Matt Skiba is a busy man. While also fronting his beloved, long standing Alkaline Trio, he finds time for a host of projects, from the heavier (the HELL) to the lighter, more experimental (Heavens). And that’s not to mention his recent addition, in Tom Delonge’s place, as the guitar/singer of Blink-182 and his recent, well received debut shows with the band at this past MusInk festival. As if that wasn’t enough, he’ll be releasing the second record of Matt Skiba and the Sekrets June 2nd (with members of AFI and My Chemical Romance). We spoke with Matt about the upcoming record and his future plans for the band.
Can you tell me how Sekrets came about?
Matt: Well, this is the second record that Sekrets have done with (record label) Superball. And initially it was just something that came about from kind of a scrap heap of ideas and demos that I had that never really fit with Alkaline Trio, or anything else I was doing. And there were some guys I really wanted to work with, like Hunter from AFI and Jarrod Alexander, who’s an amazing drummer and was playing drums in My Chemical Romance until recently and they’re both really good friends of mine. So I took these ideas and demos and sent them to them and from there we created the Sekrets and started making a record and had a great time doing it.
And how was this recording experience different from the first record?
Matt: Well, the first time around we had the songs and the idea to tour and everything, but it didn’t really have its own identity yet and we weren’t really sure how to approach it. But with this new record, we’ve had a far more concise idea of what we wanted. And I wanted to work with a producer who was unfamiliar with Alkaline Trio, I didn’t want it to sound like Alkaline Trio. On the last Sekrets record that wasn’t a concern, I just wanted to make a rock record.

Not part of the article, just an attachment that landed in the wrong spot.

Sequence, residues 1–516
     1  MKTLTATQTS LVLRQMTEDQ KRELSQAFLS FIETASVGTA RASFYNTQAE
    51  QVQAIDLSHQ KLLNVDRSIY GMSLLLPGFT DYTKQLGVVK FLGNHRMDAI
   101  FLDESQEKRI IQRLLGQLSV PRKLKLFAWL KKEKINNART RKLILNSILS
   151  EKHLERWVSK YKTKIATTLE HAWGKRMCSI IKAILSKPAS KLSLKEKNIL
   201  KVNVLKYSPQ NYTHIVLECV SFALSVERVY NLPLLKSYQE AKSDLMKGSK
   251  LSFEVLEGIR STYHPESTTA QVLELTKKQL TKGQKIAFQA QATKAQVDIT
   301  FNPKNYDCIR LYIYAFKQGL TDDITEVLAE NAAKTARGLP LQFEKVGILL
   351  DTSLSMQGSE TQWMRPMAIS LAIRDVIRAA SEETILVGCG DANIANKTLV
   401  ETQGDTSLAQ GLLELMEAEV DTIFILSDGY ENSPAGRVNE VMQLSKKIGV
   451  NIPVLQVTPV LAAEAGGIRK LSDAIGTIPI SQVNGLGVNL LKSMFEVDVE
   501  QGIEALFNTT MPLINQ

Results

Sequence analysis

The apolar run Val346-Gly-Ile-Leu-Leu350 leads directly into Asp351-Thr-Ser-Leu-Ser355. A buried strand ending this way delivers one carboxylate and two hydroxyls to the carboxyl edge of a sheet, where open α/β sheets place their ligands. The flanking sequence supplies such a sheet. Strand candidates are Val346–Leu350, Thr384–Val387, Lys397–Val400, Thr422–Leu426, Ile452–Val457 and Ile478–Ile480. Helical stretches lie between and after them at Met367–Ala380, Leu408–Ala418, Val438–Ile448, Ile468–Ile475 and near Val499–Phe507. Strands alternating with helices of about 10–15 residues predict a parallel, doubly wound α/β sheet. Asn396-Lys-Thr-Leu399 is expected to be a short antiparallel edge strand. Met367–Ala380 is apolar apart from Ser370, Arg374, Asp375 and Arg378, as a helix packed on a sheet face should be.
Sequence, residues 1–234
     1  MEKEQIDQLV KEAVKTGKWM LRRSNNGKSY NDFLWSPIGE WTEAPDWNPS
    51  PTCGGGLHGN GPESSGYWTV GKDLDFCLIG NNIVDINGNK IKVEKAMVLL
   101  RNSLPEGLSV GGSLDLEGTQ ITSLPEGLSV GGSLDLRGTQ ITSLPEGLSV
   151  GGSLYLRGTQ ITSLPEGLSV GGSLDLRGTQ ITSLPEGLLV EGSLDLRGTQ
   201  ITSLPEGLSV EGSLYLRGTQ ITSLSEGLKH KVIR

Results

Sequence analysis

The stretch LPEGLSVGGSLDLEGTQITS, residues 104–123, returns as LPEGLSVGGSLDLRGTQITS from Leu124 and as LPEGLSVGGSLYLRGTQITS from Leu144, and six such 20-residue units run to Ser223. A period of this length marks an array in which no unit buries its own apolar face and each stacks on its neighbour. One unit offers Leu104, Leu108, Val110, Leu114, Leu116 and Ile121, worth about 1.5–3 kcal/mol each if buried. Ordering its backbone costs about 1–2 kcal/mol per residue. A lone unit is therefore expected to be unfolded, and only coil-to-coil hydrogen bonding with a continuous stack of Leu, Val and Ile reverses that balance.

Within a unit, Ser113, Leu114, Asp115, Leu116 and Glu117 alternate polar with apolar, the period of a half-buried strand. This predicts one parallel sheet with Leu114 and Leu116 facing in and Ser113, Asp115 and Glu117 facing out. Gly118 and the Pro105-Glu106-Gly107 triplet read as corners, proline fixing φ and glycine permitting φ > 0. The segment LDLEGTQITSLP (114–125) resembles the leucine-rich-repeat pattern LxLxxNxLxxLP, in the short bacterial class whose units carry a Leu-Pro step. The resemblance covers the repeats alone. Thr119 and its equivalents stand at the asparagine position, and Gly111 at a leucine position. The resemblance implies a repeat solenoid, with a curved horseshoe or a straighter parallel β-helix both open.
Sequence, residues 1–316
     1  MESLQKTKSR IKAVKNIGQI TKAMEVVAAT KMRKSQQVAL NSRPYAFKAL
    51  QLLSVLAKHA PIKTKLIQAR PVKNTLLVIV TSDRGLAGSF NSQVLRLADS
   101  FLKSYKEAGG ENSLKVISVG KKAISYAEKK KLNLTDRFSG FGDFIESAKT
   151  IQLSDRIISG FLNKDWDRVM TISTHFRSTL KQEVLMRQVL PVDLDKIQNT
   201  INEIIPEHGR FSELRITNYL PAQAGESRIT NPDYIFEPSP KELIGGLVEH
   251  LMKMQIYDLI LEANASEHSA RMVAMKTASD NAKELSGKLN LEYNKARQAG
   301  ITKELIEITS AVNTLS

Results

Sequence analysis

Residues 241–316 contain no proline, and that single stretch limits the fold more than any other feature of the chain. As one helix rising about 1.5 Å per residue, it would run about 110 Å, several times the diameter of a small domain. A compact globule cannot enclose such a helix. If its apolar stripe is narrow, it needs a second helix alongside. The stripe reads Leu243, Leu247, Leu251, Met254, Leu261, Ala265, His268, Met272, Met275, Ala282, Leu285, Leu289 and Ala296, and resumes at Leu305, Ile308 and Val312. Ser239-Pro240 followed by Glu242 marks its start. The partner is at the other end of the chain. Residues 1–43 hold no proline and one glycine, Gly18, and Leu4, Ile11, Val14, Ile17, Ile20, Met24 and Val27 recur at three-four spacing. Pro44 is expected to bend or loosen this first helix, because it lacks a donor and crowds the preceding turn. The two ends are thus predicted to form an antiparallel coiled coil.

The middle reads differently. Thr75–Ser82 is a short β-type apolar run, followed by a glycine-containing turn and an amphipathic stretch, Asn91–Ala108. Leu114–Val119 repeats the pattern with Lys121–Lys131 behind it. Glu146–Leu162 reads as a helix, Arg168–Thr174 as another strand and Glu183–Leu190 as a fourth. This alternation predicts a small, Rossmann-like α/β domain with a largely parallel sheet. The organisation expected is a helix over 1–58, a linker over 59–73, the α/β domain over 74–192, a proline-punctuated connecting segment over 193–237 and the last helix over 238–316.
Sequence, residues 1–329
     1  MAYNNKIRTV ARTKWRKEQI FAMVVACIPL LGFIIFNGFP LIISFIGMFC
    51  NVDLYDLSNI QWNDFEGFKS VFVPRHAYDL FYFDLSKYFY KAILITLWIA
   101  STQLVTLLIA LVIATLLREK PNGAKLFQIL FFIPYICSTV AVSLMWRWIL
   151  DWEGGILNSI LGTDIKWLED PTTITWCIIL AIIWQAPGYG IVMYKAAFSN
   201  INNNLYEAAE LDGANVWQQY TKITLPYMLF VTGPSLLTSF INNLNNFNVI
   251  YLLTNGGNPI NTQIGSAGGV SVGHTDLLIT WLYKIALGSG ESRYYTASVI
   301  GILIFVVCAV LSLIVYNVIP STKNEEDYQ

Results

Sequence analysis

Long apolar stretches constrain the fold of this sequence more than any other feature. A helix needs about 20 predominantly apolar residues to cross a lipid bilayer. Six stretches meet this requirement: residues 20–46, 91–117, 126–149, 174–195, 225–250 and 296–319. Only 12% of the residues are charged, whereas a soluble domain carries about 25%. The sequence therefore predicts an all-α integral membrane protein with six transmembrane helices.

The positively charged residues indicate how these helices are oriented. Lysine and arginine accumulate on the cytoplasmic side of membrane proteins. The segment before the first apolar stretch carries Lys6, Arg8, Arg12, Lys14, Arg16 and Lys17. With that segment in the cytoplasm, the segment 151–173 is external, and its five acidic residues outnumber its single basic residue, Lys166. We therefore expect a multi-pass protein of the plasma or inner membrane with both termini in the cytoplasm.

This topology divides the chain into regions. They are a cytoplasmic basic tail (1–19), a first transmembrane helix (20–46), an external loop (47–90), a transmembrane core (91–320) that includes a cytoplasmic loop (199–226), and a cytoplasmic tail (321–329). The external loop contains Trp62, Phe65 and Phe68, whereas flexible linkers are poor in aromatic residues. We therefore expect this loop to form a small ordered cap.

Who was the producer on this one?
Matt: Rob Schnapf produced the record. He did a lot of Elliot Smith’s stuff and actually played in Elliot’s band. And he ended up playing lead guitar on this album and he had a bunch of really fun, unique gear and a great studio with a really cool vibe. So I think all these different variables lent to the way the record sounds. I think that we’ve come out with something this time around that sounds more like it’s own thing, like the Sekrets now have a sound.
There’s definitely a more pronounced Cure influence in the sound, including the glam rock aspect of the cover photo. I know The Cure is an influence on a lot of the stuff you write, but was that a conscious direction for this particular record?
Matt: Only in that we wanted to use a lot of acoustic guitar and in The Cure, Robert Smith is often playing an acoustic guitar. So to have that rhythmic, pronounced acoustic guitar sound within a rock setting, yeah, The Cure was a huge influence. David Bowie was a huge influence as well and not necessarily style wise, but sonically. We went back and listened to a lot the old Bowie stuff and drew a lot of the sounds, the keyboard sounds and guitar sounds, from those old Bowie recordings and Brian Eno and stuff like that. And I don’t think the record sounds like any of those artists, but those were things we listened to in order to get tones and a certain feel.